Financing in Gresham>Question Details

Newbie, Other/Just Looking in Gresham, OR

My husband and I want to prepare ourselves for buying a home in about a year. Would taking a new job w/ slightly better pay be a good idea or is your?

Asked by Newbie, Gresham, OR Mon Jul 19, 2010

steady work history with one company worth more?

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11
D’s answer
Hello,

Great question!

As long as you stay in the same line of work, taking a new job would be fine. If you plan on taking a job with overtime, bonus or commission know you need a 2 year history in order to use the income. It doesn't sound like self employment income is involved but if there was any self employment income, a full 2 years are needed as well.

If in doubt, call because sometimes talking with someone to run a scenario by them helps so you can prepare.

Crystal Beard
1 vote Thank Flag Link Mon Jul 19, 2010
Just to repeat what basically everybody else is saying. Work history is definately important but maintaining the same type of pay cycle is most important. Going from a salary paid position to a commission based career is a big "no no" in purchasing. I would highly recommend getting in touch with a Realtor who can direct you to their preferred Mortgage Banker/Broker to get you on the right track to obtaining home financing. but i would also do this quickly as the current interest rates are phenomenal!

Good Luck! and feel free to contact me if you would like to know who my preferred lenders are. I am more than happy to help.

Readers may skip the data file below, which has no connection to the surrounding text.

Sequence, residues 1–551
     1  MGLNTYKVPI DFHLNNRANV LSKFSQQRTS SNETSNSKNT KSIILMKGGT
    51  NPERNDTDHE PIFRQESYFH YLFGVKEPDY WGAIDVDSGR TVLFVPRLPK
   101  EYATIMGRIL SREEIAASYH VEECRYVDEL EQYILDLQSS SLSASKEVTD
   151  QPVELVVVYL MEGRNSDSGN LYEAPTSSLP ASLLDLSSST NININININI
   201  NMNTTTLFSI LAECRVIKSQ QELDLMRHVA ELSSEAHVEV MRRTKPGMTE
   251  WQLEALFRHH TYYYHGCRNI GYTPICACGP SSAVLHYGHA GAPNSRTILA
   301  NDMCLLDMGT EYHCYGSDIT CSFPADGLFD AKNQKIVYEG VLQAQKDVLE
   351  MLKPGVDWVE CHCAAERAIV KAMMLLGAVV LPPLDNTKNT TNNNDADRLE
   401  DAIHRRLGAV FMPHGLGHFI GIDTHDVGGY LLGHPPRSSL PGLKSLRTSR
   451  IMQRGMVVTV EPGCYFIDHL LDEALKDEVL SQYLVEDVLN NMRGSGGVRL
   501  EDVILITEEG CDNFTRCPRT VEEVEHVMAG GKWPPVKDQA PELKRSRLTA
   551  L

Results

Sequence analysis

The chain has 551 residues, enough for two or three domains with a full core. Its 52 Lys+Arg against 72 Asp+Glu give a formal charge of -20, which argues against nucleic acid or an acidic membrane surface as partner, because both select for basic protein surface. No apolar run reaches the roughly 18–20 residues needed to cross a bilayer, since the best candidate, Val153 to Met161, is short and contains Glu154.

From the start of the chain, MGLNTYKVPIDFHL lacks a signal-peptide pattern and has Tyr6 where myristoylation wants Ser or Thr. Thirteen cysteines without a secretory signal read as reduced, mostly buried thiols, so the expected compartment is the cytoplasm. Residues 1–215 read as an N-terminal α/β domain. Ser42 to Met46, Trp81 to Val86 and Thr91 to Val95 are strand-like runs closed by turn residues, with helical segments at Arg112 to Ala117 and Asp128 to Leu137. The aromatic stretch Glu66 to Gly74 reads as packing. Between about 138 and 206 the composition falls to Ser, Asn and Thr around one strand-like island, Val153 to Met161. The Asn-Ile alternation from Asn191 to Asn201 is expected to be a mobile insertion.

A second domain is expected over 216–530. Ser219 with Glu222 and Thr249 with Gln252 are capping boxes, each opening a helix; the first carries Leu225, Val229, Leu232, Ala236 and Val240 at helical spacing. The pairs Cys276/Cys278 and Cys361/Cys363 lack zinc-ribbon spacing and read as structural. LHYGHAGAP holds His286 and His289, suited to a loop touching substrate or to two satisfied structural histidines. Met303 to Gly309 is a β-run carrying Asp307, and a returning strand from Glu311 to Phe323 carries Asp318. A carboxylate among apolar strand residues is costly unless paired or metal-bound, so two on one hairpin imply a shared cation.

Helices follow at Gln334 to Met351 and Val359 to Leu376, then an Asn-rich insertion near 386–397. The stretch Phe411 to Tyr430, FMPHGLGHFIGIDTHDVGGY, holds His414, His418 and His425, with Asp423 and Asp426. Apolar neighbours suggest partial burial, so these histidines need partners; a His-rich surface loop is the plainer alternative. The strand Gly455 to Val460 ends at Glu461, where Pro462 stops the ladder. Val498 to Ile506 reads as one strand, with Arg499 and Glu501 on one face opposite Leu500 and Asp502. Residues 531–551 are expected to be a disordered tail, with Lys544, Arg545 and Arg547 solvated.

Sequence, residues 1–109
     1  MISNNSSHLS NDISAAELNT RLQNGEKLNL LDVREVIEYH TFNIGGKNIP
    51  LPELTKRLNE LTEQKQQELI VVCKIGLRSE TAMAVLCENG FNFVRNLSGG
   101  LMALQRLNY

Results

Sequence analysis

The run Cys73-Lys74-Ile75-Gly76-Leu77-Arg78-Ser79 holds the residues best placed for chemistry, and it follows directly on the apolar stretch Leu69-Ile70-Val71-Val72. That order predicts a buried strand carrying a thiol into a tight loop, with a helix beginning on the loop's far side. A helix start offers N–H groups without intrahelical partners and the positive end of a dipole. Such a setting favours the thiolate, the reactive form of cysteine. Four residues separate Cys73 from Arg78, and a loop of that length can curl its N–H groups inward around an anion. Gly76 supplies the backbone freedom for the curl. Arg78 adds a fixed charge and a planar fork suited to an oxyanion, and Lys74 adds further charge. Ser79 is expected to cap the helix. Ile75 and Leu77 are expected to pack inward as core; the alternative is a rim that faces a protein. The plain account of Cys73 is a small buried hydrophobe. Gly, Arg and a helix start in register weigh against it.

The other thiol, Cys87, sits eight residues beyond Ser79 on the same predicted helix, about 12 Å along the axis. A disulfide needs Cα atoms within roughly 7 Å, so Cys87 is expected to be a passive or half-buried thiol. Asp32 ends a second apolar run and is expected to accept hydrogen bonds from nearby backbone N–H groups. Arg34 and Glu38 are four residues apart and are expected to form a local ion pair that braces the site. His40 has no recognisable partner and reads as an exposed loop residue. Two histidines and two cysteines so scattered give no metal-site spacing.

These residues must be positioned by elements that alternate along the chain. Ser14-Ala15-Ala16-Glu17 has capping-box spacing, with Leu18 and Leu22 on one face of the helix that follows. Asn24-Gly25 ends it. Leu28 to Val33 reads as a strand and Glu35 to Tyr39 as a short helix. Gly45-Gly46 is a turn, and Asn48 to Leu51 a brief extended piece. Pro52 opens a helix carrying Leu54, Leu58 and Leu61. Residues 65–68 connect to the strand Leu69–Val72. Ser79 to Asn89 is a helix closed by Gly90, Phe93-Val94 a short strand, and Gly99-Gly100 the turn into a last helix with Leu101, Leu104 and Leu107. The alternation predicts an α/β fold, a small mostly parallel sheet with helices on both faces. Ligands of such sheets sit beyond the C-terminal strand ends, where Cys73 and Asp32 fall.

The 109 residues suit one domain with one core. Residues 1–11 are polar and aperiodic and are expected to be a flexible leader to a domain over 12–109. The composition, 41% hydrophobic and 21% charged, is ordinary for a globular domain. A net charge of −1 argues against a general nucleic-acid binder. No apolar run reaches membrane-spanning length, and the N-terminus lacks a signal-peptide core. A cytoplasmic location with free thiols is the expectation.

Aaron Heard
503-752-7671
AaronHeard@JohnlScott.com
0 votes Thank Flag Link Wed Oct 13, 2010
Newbie,

Congratulations on preparing to purchase your home. You are taking pro-active steps to ask the right questions many buyer's forget to ask.

Yes, taking a different job in a new field would affect you lenders ability to qualify you. If you remain in the same field then I don't see a problem. I would double check with your Mortgage Broker, or Banker and find out what they have to say. Good luck on your purchase!! I hope this information is helpful.

Kimberly Kinville, Realtor
East Metro Specialist
503.841.0888
0 votes Thank Flag Link Thu Jul 22, 2010
It is not always necessary for the job to be in the same line of work depending on the pay structure, eg. wage, bonus, commission. What will matter are the automated findings, underwriting, and sometimes lender overlays. Other factors such as savings, credit worthiness, and debt ratios will allow findings to differ.

My advice regarding the financing is find a reputable lender to work with and be sure you are satisfying all areas of qualification not just income alone.
0 votes Thank Flag Link Tue Jul 20, 2010
I agree first and foremost, you need to speak with the lender about the job and prepare the lender that you will be taking a new job and your time frame to purchase is a year out. It will depend on the lender and guidelines and also, knowing your whole situation


Tori Weiss
Keller Williams Central Delaware
0 votes Thank Flag Link Mon Jul 19, 2010
Way to think ahead. When you get this specific - I would develop a relationship with a mortgage broker who will look at your finances as a whole and be able to give you the right answer. Yes, if it is in the same field you should be fine, but it may not have to be depending on the rest of your financial package.